My mobile phone is my alarm clock; it’s the first thing I look at each morning. When I pick it up I only mean to silence it, but I’ll inevitably see a notification – a text message, email or missed call, and my mind is instantly thrown into the day ahead. I read work emails and reply if I can, and if I can’t I make a note to myself to revisit it once my workday begins. Sometimes, I do all of this before my feet even touch my bedroom floor. I see this as an advantage because I like walking into the office with a clear understanding of my priorities and goals for the day ahead.
This ease of access to business-related resources makes it possible for some of my colleagues to work from home. It makes collaboration possible while on different train lines, or in some cases, state lines. Often, there are tasks that can be completed before I even walk into the office, and it feels great to get an early start on my to-do list. This access can, however, blur the boundaries between our work and personal lives.
I have dreamed about a “digital detox” – a week or two where I turn off my phone, stuff it in a dresser drawer, and travel to Vermont to rediscover nature. That’s something I’d like to do soon, for vacation, but in the meantime, I’ve got to keep working. I’ve got to be responsive to emails and work with my team members to push the business forward. Technology is designed to provide solutions to problems, so how can I use the technology around me to keep me productive and sane?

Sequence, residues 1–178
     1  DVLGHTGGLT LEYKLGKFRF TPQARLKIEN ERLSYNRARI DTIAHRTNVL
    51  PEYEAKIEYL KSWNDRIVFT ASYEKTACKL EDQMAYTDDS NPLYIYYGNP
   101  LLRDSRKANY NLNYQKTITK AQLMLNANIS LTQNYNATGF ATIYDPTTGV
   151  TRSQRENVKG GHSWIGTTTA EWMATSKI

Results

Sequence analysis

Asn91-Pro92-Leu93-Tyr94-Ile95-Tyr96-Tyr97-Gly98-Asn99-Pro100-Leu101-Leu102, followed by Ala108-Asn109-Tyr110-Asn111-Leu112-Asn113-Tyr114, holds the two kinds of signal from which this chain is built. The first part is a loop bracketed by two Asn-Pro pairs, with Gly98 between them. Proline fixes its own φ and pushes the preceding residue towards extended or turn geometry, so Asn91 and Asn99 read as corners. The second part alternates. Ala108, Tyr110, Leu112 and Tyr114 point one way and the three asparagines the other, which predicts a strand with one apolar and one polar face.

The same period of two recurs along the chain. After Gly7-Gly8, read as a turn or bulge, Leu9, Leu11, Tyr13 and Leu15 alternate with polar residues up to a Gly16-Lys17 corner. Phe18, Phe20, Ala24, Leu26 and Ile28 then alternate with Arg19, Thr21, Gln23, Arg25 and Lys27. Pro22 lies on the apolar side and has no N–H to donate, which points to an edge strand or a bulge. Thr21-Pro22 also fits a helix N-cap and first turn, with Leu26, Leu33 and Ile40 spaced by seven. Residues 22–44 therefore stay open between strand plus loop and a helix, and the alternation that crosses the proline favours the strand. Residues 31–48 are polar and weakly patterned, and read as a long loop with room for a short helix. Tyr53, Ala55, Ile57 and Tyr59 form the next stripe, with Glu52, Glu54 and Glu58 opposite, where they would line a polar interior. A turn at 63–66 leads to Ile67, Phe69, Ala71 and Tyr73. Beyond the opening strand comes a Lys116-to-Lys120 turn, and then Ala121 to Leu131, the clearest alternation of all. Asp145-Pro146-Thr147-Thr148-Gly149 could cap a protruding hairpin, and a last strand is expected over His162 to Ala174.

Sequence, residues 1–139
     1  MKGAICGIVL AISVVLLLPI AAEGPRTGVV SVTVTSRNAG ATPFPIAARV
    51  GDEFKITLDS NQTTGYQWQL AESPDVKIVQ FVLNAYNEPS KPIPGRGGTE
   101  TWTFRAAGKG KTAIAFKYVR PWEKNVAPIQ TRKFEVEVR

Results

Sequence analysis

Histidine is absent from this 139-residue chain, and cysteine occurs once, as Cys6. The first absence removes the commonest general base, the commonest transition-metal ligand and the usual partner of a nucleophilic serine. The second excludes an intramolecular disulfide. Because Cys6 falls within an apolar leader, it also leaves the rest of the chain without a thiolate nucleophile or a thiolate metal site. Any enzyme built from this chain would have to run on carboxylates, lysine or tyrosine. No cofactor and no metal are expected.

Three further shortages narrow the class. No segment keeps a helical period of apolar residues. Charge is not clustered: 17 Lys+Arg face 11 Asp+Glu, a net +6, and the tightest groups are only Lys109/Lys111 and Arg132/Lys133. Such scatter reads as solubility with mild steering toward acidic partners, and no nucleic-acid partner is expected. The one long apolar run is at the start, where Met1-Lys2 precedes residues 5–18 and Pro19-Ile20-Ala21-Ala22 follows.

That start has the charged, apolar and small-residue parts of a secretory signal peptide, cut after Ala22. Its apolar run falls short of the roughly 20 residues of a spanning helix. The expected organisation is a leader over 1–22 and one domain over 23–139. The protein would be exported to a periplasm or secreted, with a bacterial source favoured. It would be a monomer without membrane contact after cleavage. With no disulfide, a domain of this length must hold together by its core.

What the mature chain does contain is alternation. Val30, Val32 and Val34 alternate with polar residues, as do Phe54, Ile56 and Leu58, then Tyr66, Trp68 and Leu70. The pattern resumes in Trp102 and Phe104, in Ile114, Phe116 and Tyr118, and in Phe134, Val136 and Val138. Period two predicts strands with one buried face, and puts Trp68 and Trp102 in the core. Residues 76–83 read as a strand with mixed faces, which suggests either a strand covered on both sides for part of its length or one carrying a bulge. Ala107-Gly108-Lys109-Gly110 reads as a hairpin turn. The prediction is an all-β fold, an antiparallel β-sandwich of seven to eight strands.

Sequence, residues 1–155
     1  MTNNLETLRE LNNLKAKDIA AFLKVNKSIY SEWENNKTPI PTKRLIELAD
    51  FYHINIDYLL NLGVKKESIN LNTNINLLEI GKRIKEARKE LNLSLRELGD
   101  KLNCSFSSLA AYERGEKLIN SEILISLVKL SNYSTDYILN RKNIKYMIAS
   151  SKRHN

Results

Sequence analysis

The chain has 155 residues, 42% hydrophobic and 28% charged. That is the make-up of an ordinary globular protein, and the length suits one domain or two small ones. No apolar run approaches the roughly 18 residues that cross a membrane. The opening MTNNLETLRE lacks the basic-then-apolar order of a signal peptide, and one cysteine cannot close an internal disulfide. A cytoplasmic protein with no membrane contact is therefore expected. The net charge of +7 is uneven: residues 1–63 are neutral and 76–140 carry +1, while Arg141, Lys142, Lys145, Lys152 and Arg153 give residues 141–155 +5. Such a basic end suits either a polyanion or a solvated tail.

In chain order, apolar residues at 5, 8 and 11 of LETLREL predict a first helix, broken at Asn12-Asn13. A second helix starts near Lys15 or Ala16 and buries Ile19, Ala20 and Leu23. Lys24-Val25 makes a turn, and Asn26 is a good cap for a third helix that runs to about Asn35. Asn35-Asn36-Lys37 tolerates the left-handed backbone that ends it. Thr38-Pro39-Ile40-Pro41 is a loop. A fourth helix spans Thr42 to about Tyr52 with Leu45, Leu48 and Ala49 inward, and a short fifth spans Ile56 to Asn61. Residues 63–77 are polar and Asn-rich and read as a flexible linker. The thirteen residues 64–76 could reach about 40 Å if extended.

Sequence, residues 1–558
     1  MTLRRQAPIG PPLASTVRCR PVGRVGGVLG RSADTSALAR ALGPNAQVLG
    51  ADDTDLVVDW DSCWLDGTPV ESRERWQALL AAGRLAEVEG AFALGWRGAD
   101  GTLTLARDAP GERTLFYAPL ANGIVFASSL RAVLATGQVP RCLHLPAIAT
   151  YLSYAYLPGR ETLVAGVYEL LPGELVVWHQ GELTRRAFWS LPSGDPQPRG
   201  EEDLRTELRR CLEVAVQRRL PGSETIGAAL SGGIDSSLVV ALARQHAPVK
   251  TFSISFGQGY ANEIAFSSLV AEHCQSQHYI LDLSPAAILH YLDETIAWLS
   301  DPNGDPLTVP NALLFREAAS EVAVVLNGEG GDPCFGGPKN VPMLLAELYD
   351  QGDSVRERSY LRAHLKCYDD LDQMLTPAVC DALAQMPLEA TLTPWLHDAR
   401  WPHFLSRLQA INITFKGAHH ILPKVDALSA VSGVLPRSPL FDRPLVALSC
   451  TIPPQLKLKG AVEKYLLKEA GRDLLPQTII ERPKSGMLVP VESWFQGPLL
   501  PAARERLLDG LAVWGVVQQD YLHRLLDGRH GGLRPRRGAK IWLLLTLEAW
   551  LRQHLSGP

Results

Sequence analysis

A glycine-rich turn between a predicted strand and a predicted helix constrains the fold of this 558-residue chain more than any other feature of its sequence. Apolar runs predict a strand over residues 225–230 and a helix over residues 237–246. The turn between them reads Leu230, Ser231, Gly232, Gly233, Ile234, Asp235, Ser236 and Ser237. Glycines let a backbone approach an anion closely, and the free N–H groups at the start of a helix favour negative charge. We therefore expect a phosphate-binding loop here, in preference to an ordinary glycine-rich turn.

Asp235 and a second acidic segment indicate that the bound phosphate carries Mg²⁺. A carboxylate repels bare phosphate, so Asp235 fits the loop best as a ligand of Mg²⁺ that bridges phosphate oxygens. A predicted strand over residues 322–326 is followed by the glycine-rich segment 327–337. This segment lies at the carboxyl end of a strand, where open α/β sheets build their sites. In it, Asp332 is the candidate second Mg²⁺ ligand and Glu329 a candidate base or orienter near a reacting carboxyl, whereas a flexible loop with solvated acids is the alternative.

One solution is to use the technology at my disposal wisely, define healthy boundaries, and utilize the technology to support balance. Microsoft MyAnalytics is a tool included with the Office 365 suite of applications and I’ve recently started to review the weekly reports it provides to get a better sense of when and how I allow crossover into my home life. The reports track how much time I spend in meetings and reading emails, collaborating with team members, and performing other activities related to Office 365. It even tells me how many “quiet days,” I have where I’m able to unplug after work hours. Bloomberg News described the value of the reports well: “Think of it as a fitness tracker but for your sanity.”
Microsoft is helping Office 365 users achieve a healthy work/life balance with MyAnalytics. Keeping an eye on just how much work you’re performing can help you be more productive, enforce healthy boundaries, and be more satisfied with your job. The tool is a powerful statement that work/life balance needs to be a priority, and that balance begins with a clear understanding of your own habits.
With the correct technology at our disposal, we can use it to improve our work/life balance. A team member here at Valiant recently said that MyAnalytics helps him realize how much we accomplish, and it makes it easier for him to “disconnect” when the workday is over. We all have to figure out the balance for ourselves, and when used correctly the technology we use in the 9-5 can help us focus on ourselves from 5-9. For my part, I might go back to using an analog alarm clock to wake up in the morning.
Are you an Office 365 user who finds MyAnalytics to be helpful? If so, let us know in the comments!